The Interview: CutworxGet to know Cutworx!

Following the release of Cutworx 'Zen Champ' EP, we caught up with the Russian maestro who's filled us in on how he forged his part within the drum & bass world. From his beginnings in the Russian rave scene to his love for liquid, get an insight into the producer who brought you Program's latest release:


Hi Max! Thanks for speaking to us. Tell us a bit about yourself and your background as an artist.

Hey! Thank you for the opportunity. Well, I'm from Russia, I live in the east of the Moscow region. Here I have been engaged in sound engineering and producing electronic music for more than 10 years. My first release was in 2008 on the Covert Operations label owned by ASC. I was making atmospheric drum & bass for a while because I was a fan of old school, early Good Looking Records, 720 Degrees and all that. I certainly went to big raves. But it seemed that the sound that played there, I could not recreate without some special equipment. When I started making music there were no production tips on youtube or anything like that and I learned everything for myself. So, then my music turned into the more soulful type of drum & bass, as I progressed and always looked for an interesting sound. I released a few records with Fokuz Recordings, Occulti Music and Nexgen Music. In 2015 I was involved with a weekly radio show and for abut three years spoke about drum & bass music every week with guests such as Nymfo, Zero T, Naibu, DJ Trax, Robert Manos and with Russian producers like Eastcolors, Abstract Elements, Bert H, Black Barrel, A.Fruit, Tobax, Nami, Bop and more.



When did you get into drum & bass, and dance music as a whole? Were there any particular producers, DJs and tracks which first caught your attention?

I think it all started when I graduated from high school. And in 2004 I went to a party where Noisia was invited, they were in Moscow for the first time then. There were a lot of ravers. In those days, the scene was unified, and the party started with the light dnb genres and in the middle of the night you can hear the heavier ones. It is difficult to single out a track or artist or even label. In those days, everything new was perceived with joy. We weren’t so picky. I was nodding my head first under Kemal & Rob Data - 'The Encrypter', and then LTJ Bukem - 'Atlantis' and it was all beautiful to me. In general, at a certain point, in Moscow, at a huge rave, you could hear all the drum & bass subgenres. It was a great time. Perhaps like a "school", an education, in some sense influenced my creativity.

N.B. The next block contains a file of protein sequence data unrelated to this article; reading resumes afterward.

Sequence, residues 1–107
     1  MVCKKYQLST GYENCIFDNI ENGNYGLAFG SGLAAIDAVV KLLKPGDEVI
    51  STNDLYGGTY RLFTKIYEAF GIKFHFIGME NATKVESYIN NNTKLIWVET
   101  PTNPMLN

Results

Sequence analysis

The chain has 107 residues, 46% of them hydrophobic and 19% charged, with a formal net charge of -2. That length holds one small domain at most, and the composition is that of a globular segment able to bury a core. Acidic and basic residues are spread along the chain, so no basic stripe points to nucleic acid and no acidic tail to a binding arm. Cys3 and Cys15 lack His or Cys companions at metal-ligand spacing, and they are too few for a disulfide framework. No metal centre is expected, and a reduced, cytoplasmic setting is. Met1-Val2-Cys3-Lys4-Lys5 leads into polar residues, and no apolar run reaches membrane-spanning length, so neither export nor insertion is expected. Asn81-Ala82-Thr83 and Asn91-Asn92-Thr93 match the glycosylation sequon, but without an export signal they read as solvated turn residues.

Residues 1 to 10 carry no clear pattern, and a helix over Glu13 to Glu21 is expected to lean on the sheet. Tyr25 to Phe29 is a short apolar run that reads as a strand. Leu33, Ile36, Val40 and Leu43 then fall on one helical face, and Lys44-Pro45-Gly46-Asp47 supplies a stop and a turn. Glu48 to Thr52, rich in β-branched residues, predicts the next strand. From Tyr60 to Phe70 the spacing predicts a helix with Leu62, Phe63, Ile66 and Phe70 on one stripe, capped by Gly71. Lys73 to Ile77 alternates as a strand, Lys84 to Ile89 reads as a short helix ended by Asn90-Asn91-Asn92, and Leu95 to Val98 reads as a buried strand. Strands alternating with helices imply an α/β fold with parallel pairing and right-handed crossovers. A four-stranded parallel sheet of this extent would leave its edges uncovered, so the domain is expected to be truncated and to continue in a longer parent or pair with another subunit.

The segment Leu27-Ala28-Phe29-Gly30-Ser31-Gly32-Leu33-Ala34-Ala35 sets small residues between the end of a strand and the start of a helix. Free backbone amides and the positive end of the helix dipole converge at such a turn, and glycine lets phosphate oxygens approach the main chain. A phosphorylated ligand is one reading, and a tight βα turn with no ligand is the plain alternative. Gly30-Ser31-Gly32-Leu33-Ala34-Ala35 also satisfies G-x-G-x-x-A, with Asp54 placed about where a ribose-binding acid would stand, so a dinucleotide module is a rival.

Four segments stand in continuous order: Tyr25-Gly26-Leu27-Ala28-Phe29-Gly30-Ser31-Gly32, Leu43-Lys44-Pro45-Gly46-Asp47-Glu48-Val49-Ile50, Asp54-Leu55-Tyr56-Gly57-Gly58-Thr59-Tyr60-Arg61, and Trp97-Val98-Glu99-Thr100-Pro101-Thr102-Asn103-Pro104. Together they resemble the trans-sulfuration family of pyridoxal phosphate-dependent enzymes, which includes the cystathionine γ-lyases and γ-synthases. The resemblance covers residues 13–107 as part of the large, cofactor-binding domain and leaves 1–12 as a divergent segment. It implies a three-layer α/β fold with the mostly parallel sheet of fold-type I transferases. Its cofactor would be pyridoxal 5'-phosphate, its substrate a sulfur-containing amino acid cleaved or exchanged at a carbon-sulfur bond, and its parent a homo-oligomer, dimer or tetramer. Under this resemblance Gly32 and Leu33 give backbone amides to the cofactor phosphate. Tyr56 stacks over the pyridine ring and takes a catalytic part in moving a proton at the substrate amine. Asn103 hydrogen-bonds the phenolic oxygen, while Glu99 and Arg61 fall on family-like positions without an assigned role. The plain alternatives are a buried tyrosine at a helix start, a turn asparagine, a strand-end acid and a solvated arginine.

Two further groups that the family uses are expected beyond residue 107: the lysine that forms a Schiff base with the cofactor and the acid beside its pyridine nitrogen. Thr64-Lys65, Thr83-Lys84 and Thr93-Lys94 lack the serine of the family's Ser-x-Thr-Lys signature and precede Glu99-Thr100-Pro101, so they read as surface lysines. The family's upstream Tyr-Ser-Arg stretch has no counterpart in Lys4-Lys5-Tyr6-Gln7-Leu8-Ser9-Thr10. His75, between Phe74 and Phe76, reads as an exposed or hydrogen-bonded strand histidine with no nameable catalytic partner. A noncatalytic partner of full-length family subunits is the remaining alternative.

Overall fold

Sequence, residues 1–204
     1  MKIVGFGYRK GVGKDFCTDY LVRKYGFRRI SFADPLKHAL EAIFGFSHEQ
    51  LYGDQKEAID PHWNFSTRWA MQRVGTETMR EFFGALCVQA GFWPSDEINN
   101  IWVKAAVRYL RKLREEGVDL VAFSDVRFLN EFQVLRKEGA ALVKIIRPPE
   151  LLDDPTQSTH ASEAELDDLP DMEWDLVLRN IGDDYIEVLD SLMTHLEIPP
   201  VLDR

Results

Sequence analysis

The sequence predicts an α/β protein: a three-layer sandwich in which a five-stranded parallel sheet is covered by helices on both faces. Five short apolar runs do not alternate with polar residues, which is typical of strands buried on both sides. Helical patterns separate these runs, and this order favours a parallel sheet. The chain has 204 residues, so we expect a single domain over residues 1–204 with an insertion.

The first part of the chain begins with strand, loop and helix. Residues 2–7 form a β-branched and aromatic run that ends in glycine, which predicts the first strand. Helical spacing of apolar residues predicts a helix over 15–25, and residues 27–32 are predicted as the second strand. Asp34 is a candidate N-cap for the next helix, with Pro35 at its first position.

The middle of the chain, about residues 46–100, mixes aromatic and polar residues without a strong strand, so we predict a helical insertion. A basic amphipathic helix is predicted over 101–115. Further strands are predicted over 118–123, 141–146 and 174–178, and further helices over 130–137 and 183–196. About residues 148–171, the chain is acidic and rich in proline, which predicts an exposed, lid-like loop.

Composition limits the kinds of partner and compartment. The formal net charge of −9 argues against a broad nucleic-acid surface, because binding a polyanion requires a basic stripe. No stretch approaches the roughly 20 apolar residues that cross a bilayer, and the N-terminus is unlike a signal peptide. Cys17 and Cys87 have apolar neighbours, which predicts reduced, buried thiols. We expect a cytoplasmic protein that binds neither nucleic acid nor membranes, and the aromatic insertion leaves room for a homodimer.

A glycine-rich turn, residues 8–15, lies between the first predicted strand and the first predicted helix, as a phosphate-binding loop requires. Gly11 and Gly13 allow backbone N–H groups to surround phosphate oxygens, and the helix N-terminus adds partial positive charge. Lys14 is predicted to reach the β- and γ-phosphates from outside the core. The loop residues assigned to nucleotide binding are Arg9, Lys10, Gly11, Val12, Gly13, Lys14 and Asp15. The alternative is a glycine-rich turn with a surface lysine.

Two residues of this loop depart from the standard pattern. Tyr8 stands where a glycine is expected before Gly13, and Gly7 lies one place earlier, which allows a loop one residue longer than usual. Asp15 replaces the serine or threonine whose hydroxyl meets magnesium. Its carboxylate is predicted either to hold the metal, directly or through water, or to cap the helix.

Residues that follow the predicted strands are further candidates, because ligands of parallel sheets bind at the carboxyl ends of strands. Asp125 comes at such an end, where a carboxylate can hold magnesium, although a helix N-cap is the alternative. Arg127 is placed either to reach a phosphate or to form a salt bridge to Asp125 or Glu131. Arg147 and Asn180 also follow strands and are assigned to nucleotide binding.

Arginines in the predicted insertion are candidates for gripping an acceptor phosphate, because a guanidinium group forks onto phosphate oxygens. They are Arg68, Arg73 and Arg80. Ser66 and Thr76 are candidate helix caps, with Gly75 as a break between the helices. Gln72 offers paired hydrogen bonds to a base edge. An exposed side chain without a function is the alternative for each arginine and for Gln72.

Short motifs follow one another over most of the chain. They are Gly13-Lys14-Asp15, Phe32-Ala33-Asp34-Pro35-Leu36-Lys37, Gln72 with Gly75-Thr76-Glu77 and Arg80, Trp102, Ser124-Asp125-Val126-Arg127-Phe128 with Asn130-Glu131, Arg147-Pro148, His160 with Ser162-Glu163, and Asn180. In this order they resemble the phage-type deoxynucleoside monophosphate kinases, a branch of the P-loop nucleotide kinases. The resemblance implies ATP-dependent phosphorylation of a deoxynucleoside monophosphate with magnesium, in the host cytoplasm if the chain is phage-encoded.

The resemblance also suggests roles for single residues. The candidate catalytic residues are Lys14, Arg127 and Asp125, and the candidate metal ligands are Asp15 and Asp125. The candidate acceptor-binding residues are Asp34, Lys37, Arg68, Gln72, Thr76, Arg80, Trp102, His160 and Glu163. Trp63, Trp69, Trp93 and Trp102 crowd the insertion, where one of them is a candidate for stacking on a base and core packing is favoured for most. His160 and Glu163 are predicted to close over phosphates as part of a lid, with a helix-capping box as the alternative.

Let’s start with the title-track ‘Zen Champ’ – it’s pretty ominous sounding. What was your inspiration behind it? Did you have a particular direction you were aiming for?

I usually make a track to the end and then name it. The way it sounds sets the stage for the imagination. It's like reading a book and imagining the situation the main character is in right now. In my opinion this track is a telling title which describes sonically what is happening around a person who has succeeded in calmness. This man probably lives in a big city with a crazy rhythm of life. The way he sees this world you can hear in the intro and breakdown. And what happens outside his jurisdiction is the first and second drop.



‘Sides’ takes a totally different route. Did you write these tracks over the same period? And how do you think these tracks demonstrate your qualities as a producer?

Yes, these tracks were made around last year. 'Sides' is made clearly under the influence of techno dnb. I really like that sound. I didn't try to do it on purpose, it just happened. It seems that the tracks were made by different people. But I think it still has my sound / key ingredient. I have long been in love with drum & bass and try to create the best that I like within the genre. Now I always try to make different tracks. I try not to be attached to the previously used drums or bass. The handwriting is still mine.



Finally, we have ‘Rvanina’. What’s behind the title – is there any significance in it? And how did this track come about, i.e. was there anything which triggered its creation?

Rvanina is something or someone which is much frayed, worn, ragged. Also, this may be something out of the ordinary, significantly exceeding the norm or expectations. In this case, it conveys the dark atmosphere of the tune. I started this track around the robotic sound that I made up on my Nord Rack 2. So, I turned on my imagination and started creating a ripped setting for that track, just picking some ragged samples and dirty, howling basslines. The dry robotic voice created a cold industrial and sombre atmosphere.


Again thank you for your time. Do you have any final words?

Thanks to you for the interview, to the whole RAM family for making this release happen. Also, thanks to everyone who supported my music all these years. Take care of your children, wear a mask. Support your favourite artists.